Just came across this post in our archives that we never published! What a fun time capsule. Here’s a post from March 2016 as we left New Zealand during our round the world trip!
Our two months in New Zealand were incredible. We’ve already shared our road trip itinerary, but we still have a lot of tell you about what a different world it is down there.
Nate did a great job driving on the left. I was surprised how nerve-wracking it was for me at first as a passenger. Intersections were awkward and scary. But rotaries in New Zealand are a beautiful thing: everyone uses their signals to indicate which exit they are heading towards and it always works seamlessly. We could use some of their influence in Boston for sure.
Of course with so much driving, we often had to find some sort of caffeine for Nate. Since regular drip coffee is very rare in cafes, it took us weeks to understand the difference between espresso-based drinks such as long blacks, short blacks, ristrettos, and flat whites. Nate was a trooper and eventually settled on a long black for his preferred drink. I learned to always ask if the iced chai latte is made with ice cream because apparently that’s the standard. Barf.
Nate finally finds some drip coffee in Christchurch, where every street has a construction site, still rebuilding from the 2010-2011 earthquakes.In our extended time on the road, we were also able to observe the copious amounts of roadkill in New Zealand. I have never seen so much roadside carnage in my life. Apparently, they are mostly stoats, a type of weasel, which are an invasive species, so no one frets about the stoat loss, but no one cleans them up either. It’s weird.
Speaking of pests, New Zealand also has a possum problem. Because they are often hunted, possum fur clothing is a thing. A gross thing, to us as outsiders, but a thing nonetheless. One night as we were falling asleep in our room in rural Wanaka, we saw two big flashlights off in the distance and several gunshots over the course of an hour. We later learned that it was likely possum hunters; either farmers trying to rid their land of possums or hunters out to kill them for wool – or both. Possum hunting: another new concept we experienced in New Zealand. Also, I also saw my first hedgehog in Christchurch while we went for a walk with our friends. It was incredibly exciting for me, an avid sonic the hedgehog fan in my youth. Those things are so darn cute!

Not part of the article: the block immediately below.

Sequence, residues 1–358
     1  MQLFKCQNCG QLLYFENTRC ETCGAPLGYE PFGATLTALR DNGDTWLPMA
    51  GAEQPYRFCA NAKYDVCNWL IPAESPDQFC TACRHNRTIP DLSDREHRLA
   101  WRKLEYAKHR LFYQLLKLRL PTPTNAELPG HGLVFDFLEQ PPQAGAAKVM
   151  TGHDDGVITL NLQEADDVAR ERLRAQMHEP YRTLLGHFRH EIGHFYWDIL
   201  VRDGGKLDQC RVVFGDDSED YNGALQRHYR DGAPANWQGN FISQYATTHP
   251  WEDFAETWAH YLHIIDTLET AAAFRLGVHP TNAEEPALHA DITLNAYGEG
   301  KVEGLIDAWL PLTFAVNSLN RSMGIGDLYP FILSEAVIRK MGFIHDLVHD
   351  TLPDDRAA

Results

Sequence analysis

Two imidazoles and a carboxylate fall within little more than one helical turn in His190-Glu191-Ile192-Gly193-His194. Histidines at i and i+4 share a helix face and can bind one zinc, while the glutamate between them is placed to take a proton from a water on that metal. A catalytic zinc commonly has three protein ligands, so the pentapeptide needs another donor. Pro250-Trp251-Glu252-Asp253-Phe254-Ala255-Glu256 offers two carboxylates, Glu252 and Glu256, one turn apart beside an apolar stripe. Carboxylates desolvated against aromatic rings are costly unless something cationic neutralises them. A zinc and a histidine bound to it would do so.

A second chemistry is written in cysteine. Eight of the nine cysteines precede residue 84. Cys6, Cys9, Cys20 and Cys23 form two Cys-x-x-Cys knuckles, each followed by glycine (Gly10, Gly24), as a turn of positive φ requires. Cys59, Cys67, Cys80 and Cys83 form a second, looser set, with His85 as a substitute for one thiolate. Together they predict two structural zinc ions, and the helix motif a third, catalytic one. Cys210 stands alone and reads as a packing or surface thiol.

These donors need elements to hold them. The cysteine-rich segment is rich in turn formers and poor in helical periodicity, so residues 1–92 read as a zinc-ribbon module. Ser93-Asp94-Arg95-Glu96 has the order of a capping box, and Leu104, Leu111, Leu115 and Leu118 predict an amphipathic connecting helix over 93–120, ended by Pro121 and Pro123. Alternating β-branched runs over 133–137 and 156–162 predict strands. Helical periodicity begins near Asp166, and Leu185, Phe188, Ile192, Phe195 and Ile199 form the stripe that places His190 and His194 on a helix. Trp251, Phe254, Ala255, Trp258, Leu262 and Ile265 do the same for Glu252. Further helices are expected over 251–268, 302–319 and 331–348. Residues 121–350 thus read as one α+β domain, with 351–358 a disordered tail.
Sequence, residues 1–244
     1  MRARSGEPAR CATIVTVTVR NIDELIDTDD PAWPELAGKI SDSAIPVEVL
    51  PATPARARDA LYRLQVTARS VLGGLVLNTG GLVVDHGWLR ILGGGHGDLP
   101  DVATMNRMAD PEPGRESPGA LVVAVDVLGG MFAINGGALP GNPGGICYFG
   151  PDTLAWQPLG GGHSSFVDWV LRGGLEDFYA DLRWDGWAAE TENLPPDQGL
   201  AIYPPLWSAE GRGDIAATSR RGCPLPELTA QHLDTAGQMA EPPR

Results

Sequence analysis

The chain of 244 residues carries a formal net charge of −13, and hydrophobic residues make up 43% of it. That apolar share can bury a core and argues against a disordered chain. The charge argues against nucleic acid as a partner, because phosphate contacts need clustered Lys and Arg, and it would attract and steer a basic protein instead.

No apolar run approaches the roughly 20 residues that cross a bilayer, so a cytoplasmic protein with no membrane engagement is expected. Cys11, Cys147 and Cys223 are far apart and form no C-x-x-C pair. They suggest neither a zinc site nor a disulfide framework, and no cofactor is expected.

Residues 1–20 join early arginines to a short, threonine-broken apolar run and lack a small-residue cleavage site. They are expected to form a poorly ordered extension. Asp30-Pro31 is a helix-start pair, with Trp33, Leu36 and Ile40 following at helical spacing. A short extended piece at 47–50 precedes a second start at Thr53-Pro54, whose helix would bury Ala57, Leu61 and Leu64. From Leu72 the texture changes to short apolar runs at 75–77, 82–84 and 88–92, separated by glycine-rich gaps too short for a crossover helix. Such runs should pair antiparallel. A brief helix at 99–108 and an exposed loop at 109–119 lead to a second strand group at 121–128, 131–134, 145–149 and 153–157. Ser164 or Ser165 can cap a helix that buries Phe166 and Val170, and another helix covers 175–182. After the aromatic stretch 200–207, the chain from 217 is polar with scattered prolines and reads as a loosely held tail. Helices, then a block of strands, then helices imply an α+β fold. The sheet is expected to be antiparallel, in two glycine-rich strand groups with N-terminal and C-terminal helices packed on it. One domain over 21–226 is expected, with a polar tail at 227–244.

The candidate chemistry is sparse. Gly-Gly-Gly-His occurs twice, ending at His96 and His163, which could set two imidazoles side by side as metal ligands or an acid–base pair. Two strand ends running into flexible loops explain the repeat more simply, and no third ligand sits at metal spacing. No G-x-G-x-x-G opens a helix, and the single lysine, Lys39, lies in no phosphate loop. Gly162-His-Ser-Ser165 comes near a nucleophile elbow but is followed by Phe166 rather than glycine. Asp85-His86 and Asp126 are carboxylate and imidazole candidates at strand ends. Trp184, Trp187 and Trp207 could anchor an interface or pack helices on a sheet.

The New Zealand accent only tripped us up a few times. I absolutely couldn’t understand our host explaining how to use the laundry and he had to physically show me a two dollar coin to make his point clear. (To be fair, the phrase “two dollar coin” isn’t one I’m used to even without the accent!). But we did hear a few nifty new words often such as keen, posh, busking, and dodgey, which are all completely worth adding to our vocabulary in the US.
95% of the homes in New Zealand are strikingly similar one-floor 1960s-style bungalows. These are a people who know mansions won’t make them happy. We saw only a handful of larger-than-average homes in two months of driving across both islands. New Zealanders know their treasure is their environment and their relationships. It’s evident everywhere.